Which Frenchman is right? Is the United States Supreme Court the most or least important branch of American government?

In exploring this question, it may be helpful to make two distinctions. The first is between power and function, and the second is between power and authority. Clarifying those three terms may suggest how the framers understood sovereignty and the rule of law as well as the Supreme Court’s role in maintaining this understanding.

We generally think of the Constitution as balancing three primary governmental functions. The Constitution separates functions, however, only to the extent that such a balance of functions achieves the document’s greater goal — a separation and balance of powers. The Constitution is designed to keep sovereignty away from any single part of government, whether it be a branch of the federal government or whether it be the states vis-a-vis the federal government. For instance, as American political scientist Samuel P. Huntington pointed out, “the judicial power to declare what law is became the mixed judicial-legislative power to tell the legislature what the law cannot be” (393 – 394). The Supreme Court also has a quasi-executive role since it can pass on the constitutionality of many executive decisions, such as the suspension of habeas corpus or the issuance of executive orders. The Constitution gives the court more than a judicial function in order to balance some of the powers the Constitution acknowledges.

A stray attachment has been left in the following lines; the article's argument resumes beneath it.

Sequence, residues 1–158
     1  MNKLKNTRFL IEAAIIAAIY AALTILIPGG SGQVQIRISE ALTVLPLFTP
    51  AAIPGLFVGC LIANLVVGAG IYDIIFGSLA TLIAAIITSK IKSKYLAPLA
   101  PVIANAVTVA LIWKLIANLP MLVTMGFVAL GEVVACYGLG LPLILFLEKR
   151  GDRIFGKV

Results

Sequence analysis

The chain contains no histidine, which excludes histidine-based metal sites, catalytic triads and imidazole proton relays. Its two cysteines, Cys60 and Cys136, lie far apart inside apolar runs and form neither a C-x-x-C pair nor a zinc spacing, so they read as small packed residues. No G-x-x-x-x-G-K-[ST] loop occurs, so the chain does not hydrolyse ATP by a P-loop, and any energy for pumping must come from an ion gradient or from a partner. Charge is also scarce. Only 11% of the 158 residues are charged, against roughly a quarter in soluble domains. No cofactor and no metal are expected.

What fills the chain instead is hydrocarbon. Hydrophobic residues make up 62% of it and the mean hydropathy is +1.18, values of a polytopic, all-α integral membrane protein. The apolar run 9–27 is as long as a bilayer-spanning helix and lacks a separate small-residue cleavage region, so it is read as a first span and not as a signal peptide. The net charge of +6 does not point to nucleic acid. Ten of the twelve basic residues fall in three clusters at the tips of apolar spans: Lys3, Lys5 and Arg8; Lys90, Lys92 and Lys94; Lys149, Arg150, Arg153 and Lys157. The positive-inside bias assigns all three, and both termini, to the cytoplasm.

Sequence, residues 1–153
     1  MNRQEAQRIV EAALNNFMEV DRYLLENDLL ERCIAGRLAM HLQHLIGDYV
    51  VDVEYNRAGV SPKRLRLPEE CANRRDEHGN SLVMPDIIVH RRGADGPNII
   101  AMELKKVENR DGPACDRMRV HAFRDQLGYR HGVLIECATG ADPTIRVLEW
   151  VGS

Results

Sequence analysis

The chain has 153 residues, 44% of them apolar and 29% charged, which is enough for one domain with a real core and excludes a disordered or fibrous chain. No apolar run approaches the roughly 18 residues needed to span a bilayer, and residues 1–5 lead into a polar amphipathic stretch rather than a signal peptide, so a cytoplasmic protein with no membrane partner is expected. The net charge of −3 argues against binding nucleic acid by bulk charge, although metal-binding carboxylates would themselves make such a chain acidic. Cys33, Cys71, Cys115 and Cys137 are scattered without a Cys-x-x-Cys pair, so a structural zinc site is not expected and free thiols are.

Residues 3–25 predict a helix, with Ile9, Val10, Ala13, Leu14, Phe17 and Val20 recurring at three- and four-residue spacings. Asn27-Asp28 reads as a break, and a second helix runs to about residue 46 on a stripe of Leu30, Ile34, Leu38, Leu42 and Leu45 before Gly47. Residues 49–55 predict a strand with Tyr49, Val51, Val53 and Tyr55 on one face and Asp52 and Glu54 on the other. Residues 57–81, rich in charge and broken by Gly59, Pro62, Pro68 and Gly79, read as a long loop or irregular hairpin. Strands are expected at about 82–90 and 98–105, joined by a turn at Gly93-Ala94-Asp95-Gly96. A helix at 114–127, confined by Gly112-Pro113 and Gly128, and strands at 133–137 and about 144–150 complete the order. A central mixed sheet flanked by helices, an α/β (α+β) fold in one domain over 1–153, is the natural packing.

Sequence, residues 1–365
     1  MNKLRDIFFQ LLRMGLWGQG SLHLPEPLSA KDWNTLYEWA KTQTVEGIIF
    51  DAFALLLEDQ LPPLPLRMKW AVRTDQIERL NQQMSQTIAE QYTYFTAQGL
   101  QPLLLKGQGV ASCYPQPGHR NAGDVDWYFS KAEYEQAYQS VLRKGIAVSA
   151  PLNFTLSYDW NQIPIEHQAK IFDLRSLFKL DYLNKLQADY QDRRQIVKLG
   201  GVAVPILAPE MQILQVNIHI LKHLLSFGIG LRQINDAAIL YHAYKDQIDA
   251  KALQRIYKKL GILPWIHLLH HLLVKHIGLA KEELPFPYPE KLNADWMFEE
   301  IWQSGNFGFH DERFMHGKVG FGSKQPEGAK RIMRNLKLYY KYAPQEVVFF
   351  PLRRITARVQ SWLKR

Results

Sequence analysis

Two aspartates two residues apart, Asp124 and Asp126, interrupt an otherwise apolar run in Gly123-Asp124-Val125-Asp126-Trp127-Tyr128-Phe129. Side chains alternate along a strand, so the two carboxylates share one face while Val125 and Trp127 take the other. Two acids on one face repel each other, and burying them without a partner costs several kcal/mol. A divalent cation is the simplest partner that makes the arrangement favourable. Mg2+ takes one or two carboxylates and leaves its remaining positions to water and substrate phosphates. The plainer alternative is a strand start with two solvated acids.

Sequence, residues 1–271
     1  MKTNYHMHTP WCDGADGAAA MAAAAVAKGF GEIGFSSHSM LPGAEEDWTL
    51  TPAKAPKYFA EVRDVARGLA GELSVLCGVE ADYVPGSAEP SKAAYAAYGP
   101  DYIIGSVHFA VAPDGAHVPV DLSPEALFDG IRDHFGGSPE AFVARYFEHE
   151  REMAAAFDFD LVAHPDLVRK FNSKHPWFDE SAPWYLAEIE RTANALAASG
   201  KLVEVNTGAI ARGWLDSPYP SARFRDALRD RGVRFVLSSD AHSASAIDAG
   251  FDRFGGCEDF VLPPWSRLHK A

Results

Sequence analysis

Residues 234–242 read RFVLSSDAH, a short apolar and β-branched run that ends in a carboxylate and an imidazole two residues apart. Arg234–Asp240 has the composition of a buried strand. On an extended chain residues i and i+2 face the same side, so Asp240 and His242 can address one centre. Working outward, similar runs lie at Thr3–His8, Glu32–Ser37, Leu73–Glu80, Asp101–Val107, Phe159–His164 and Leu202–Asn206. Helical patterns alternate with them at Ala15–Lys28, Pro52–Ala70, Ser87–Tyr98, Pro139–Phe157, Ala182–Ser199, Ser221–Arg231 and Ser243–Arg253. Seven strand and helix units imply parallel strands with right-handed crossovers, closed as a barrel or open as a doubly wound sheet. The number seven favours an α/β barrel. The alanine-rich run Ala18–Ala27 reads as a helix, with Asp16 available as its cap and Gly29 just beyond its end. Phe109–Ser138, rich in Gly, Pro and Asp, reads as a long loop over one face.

This sharing of functions to create a true balance of power isn’t a modern invention. In fact, Huntington argued that the American government’s separation of powers is a holdover from the late medieval period before the rule of law began to be replaced by the rule of men. Beginning in the seventeenth century, the nations of continental Europe placed their sovereignty in kings while the English Civil Wars and Glorious Revolution eventually caused sovereignty to be placed in Parliament. The American colonists, however, kept to Tudor-era notions of the supremacy of common and natural law. As British historian Albert Pollard pointed out, “Americans instinctively revolted against the doctrine of the sovereignty of the State” (Huntington 388). At the time of the American Revolution, Americans were still resisting the modern “tendencies toward the substitution of sovereignty for law,” as Huntington put it (386). Americans kept Elizabethan notions of law, just as the the residents of the Chesapeake Bay’s Tangier Island retain certain Elizabethan speech patterns.

It would be helpful to define both sovereignty and the rule of law. Sovereignty, the jurist Jean Bodin says, is the notion that there is “a supreme power over citizens and subjects, unrestrained by law” (Huntington 384). Sovereignty, then, is the assertion of power over others, a concept that political theorist Hannah Arendt said hinders freedom: “If men wish to be free, it is precisely sovereignty they must renounce” (Arendt, Between, 163). The rule of law, however, is the opposite of sovereignty. The rule of law is not to be confused with “law and order”; indeed, the significance of rule of law is in its scope and not its force or strength. Political Theorist Francis Fukuyama defines the rule of law as “rules that are binding even on the most politically powerful actors in a given society” (11). In other words, the scope of law must bind even kings and Parliaments. The American founders held to notions of natural law — law that is discovered by man but not generated by him — precisely to counter modern notions of sovereignty.